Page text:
A City for Children

Women, Architecture, and the Charitable Landscapes of Oakland, 1850-1950

Marta Gutman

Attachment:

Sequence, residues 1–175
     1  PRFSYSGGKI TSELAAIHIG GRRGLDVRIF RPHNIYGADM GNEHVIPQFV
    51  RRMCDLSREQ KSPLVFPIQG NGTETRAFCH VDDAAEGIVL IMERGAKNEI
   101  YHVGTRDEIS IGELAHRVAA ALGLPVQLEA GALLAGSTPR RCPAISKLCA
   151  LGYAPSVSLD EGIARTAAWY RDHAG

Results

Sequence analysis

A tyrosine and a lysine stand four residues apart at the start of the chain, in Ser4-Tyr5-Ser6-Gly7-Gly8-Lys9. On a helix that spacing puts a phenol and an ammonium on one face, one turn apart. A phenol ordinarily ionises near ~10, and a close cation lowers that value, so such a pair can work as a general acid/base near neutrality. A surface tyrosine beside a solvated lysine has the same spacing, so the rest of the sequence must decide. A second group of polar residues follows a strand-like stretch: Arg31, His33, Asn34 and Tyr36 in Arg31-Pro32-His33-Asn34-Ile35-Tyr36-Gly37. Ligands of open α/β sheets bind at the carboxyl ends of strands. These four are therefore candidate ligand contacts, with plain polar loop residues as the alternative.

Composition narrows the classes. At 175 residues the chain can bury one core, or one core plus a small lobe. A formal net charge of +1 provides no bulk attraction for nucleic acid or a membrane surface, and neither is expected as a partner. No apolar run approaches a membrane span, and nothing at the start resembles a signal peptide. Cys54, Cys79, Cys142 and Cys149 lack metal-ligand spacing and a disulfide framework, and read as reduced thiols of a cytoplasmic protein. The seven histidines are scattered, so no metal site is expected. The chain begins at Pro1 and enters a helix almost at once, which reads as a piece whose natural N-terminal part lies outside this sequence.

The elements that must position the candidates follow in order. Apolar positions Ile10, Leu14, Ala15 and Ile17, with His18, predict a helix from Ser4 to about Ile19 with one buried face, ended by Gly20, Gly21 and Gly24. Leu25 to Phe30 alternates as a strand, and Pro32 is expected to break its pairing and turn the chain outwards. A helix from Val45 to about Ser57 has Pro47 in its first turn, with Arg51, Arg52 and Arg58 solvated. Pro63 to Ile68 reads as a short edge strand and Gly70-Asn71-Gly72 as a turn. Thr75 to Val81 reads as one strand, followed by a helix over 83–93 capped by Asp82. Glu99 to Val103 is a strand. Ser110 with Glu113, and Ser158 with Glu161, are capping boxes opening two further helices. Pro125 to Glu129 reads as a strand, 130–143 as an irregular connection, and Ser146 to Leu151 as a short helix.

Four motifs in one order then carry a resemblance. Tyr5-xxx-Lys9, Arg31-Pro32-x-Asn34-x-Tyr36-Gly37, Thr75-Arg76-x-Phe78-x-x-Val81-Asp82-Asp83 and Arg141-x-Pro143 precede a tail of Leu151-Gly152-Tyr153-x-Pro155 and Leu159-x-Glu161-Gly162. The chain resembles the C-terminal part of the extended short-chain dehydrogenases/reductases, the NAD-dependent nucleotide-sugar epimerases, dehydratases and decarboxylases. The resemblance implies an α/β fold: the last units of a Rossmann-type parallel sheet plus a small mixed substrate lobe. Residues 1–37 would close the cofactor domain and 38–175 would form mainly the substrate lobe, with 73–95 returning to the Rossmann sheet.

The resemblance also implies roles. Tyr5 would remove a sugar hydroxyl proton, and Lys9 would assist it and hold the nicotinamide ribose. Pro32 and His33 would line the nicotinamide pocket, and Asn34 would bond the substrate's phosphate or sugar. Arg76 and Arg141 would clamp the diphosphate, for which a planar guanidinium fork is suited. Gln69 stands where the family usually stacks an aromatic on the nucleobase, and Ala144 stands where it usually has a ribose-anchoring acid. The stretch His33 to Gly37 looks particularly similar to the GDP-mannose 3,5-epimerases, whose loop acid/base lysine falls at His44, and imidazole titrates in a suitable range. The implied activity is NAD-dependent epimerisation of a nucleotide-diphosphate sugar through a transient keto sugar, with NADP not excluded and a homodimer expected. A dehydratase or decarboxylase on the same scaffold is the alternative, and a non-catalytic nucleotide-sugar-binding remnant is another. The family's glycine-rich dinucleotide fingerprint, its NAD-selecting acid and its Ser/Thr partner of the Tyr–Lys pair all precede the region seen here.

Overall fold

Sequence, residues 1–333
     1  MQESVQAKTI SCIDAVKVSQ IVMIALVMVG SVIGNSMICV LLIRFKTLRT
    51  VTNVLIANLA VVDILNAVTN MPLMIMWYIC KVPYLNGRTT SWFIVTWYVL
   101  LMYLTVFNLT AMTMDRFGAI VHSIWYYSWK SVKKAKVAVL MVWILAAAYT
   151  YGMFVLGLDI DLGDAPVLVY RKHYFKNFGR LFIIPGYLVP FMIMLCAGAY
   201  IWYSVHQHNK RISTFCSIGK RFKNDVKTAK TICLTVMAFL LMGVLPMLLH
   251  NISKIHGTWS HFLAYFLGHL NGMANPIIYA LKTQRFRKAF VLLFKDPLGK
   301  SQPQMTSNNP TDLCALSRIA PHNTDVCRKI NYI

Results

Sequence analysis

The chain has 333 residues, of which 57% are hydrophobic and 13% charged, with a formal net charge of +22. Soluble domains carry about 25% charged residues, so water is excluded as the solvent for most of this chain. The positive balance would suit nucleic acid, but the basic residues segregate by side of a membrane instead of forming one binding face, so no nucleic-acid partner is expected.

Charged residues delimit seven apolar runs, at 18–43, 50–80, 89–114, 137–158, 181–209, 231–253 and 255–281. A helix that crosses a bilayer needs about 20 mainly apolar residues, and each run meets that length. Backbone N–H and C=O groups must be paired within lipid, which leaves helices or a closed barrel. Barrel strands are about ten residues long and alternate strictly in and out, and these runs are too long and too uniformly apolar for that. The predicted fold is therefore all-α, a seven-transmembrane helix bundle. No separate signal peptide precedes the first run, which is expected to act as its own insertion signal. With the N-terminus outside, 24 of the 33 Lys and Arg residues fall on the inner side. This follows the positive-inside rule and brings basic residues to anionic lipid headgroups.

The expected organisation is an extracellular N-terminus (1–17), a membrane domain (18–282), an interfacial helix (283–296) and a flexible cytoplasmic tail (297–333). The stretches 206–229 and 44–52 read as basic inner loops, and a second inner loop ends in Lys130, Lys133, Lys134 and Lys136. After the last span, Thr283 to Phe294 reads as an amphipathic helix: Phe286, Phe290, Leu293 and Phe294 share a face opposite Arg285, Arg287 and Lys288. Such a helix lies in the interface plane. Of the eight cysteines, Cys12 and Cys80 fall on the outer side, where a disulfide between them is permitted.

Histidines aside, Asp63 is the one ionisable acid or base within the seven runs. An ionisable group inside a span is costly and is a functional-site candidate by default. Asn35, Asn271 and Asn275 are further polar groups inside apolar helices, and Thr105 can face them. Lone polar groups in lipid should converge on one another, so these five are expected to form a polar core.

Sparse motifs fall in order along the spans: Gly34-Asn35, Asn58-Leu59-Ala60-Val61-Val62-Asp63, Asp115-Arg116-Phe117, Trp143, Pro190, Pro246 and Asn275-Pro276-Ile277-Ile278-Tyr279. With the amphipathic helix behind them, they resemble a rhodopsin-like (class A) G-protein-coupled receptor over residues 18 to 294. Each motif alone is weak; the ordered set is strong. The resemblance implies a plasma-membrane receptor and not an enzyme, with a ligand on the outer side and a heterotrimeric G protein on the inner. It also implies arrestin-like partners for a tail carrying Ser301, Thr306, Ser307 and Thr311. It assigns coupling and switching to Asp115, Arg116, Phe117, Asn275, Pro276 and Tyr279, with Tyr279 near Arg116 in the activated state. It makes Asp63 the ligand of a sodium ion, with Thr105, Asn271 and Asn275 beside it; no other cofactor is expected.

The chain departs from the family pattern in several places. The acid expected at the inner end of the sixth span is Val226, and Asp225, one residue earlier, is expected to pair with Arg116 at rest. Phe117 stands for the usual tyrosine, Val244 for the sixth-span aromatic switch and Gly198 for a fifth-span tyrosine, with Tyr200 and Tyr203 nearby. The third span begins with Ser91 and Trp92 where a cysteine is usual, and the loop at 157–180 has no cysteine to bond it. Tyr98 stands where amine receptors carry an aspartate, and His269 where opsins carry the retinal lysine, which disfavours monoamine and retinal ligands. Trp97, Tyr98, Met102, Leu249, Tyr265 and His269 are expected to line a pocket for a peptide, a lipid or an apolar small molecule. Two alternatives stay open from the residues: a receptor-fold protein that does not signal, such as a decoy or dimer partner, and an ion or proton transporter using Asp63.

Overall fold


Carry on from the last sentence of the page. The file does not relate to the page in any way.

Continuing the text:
Physical spaces offer a unique and useful tool to grasp childhood as an ideal imagined by adults, as an arena shaped by social relationships, and as an experience of children. Since space is where childhood is lived, the material world offers a treasure trove of historical evidence of how children use, interpret, shape, and imagine their everyday lives. Physical spaces, as the architectural historian Abigail A. Van Slyck insists, allow us to grasp “the experience of being young.”[1] Objects and spaces are also useful for studying the cultural exchanges that shaped women’s decision making in California, and for assessing results, including whether or not adults use space to achieve ethically adequate objectives for children and their childhoods.